When students are engaged in creative activities, they are doing something that requires them to imagine. They must form some kind of image in their minds of something that does not yet exist, but which they have within their ability to bring into existence.  Rote learning fills the memory with the raw materials that will be utilized in the act of creating, but it is not in itself a creative task; therefore, copying a director’s interpretation, or improvising only pentatonic melodies is of limited creative value because a requirement to bring into existence or to imagine a new form is not needed to copy. I have found truly creative classroom activities to be artistically rewarding, even while they are also challenging. The lifelong enjoyment of music is so much more than pure consumerism. It needs to engage the imagination in creative activity, and this is what we must train our music students up to do.

Toccata Blocks: A Tool To Help Teach Rhythm

Version 2No matter what method you use to teach music, be it Kodaly, Orff, or any other, when it comes to music reading there are certain aspects of our music notational system that are counter-intuitive and confusing to students who are just beginning. One of those difficulties is often the irrelevance of how the notes are spaced on the page. Students naturally assume that notes that are closer together go faster, and notes that are spaced further apart go slower. They will even carry this into the same note value. For example, they will think that quarter notes spaced closely together go faster than quarter notes spaced further apart. The concept of how the note head, stem, and/or beam are drawn can become overlooked, leading the student to make frequent rhythmic errors.

It is always good pedagogy to start from where students are and work from there to where you want them to arrive. Rather than dismiss using spacial perception as wrong, why not take advantage of children’s intuitive ability to perceive spacing in teaching them to read note durations accurately? Catherine Schane-Lydon has invented Toccata Blocks that do just that.

toccata blocks

The basic set includes blocks with time signatures and notes on blocks that fit onto a provided easel. The easel is exactly the width of the blocks for a time signature and the correct number of beats of notes. A whole note block is the width of four quarter note blocks or four paired eighth note blocks. Single eighth note blocks are half the width of quarter note blocks and so forth. There are easels for simple and compound time signatures. Once an easel and time signature are chosen, the child builds a measure of rhythm by placing blocks on the easel. If the easel is less than filled, the child knows more notes are needed. If the easel is over filled, with a block hanging over the end, the child knows there are too many beats. This design makes building rhythms self-correcting because the child knows when he or she has done it right because the blocks will exactly fit across the easel.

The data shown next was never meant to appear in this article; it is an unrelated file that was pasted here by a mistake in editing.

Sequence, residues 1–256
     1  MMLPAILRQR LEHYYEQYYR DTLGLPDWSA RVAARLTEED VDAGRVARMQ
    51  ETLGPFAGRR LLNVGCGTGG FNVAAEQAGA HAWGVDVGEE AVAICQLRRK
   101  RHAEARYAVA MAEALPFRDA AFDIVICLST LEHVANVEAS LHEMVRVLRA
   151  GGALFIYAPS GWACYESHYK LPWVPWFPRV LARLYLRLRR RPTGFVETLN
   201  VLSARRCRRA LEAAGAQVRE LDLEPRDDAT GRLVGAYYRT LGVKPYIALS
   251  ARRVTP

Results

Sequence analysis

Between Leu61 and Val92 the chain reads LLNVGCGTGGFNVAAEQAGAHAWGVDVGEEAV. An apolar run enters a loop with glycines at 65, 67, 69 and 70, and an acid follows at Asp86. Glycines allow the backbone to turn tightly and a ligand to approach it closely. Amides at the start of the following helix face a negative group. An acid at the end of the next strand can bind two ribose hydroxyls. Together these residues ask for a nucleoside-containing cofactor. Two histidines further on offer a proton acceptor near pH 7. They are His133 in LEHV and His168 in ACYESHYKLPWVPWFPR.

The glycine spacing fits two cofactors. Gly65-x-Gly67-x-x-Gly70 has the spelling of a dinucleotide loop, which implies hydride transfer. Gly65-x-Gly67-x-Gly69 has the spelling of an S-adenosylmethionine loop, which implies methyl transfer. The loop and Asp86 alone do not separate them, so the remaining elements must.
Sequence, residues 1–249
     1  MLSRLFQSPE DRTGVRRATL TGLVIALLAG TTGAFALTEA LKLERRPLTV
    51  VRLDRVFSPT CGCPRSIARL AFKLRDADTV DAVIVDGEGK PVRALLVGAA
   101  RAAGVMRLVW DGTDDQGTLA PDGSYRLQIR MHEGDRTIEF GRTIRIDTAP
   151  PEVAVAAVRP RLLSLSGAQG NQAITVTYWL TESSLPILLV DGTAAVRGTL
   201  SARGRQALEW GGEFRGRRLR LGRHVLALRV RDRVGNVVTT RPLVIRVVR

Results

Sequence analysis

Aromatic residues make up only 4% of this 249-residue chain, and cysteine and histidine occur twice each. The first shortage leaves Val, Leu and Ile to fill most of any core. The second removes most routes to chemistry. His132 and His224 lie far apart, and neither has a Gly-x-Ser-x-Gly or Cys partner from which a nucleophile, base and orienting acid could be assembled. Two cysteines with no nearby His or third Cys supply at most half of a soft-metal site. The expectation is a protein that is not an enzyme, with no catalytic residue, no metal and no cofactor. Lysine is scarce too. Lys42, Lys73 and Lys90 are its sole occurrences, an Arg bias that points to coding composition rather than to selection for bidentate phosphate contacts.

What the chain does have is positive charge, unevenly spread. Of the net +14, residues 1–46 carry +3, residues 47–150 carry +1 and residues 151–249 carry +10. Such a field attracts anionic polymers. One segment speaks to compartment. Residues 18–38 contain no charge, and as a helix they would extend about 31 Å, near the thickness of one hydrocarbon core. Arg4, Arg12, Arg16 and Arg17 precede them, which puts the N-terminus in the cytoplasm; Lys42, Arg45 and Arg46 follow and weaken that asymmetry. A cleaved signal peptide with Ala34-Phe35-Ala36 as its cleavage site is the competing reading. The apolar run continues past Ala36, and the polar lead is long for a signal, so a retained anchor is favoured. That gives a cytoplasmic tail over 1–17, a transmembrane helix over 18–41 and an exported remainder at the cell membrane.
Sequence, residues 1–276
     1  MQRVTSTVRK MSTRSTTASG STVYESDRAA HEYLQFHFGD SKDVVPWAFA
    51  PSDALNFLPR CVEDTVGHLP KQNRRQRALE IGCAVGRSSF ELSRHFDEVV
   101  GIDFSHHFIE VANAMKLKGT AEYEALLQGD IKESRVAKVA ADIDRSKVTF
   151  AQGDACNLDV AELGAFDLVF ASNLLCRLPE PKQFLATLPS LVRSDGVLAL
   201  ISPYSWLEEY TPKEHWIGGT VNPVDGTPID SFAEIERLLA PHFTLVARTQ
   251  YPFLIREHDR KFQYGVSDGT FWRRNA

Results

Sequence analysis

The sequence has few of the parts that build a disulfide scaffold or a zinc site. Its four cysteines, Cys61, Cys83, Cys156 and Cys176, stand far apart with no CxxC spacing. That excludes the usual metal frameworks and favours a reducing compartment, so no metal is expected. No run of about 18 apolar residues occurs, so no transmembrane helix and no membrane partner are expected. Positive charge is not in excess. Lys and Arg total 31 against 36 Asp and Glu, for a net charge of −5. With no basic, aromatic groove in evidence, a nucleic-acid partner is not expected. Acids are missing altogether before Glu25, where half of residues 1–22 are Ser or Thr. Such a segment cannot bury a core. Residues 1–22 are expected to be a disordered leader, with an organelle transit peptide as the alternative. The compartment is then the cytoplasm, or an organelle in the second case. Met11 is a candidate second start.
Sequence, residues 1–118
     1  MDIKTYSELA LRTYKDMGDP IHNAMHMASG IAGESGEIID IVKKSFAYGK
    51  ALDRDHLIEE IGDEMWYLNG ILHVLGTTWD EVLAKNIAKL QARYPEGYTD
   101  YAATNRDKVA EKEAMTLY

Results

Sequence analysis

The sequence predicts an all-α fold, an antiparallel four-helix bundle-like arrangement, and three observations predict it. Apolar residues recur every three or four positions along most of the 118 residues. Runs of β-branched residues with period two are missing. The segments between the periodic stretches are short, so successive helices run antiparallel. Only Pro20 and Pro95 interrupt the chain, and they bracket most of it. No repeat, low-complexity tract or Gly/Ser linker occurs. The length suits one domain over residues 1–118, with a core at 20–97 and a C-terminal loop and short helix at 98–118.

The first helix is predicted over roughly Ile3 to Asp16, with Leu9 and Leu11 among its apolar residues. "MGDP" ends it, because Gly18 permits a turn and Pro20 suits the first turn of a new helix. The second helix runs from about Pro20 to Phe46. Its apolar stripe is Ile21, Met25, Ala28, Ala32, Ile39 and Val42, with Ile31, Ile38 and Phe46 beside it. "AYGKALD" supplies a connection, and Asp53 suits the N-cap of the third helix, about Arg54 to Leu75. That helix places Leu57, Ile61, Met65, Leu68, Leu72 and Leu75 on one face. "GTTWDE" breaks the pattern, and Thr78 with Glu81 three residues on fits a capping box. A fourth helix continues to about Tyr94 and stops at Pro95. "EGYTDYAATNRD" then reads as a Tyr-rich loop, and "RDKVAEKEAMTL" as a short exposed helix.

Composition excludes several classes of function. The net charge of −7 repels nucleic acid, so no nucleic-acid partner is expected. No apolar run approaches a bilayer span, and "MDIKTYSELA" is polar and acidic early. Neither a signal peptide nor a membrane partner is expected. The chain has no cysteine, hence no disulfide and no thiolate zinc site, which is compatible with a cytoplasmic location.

I gave a set to students in middle school, and students in 2nd grade. An 8th grader said, “it [toccata blocks] helped me learn how the notes go together.” A 2nd grader remarked, “making rhythms is fun with these blocks. I got it wrong at first, but now it fits.”

I also used my set of Toccata Blocks to do a full class demonstration. I began a rhythm and then called on student to finish the measure. After each addition of a block, I asked the class if the measure was finished. “Do the blocks fit perfectly?” The children would look and respond, then give me suggestions on what block I should put in next. If the next block hung over the end, they were quick to reject that choice and make another of a shorter note duration. Almost every student I gave these blocks to to use immediately understood how they worked, and were able to correctly create a measure of rhythms.

Of course, I want students to write rhythms on conventional music paper, so it was important for me to make sure they took note of what notes they were using, and didn’t just fill up the easel randomly. So I had them tell me with each block they added how many beats that block added, how many beats they had, and how many more they needed. It was helpful to them to learn the note durations, and it delighted our school math coach!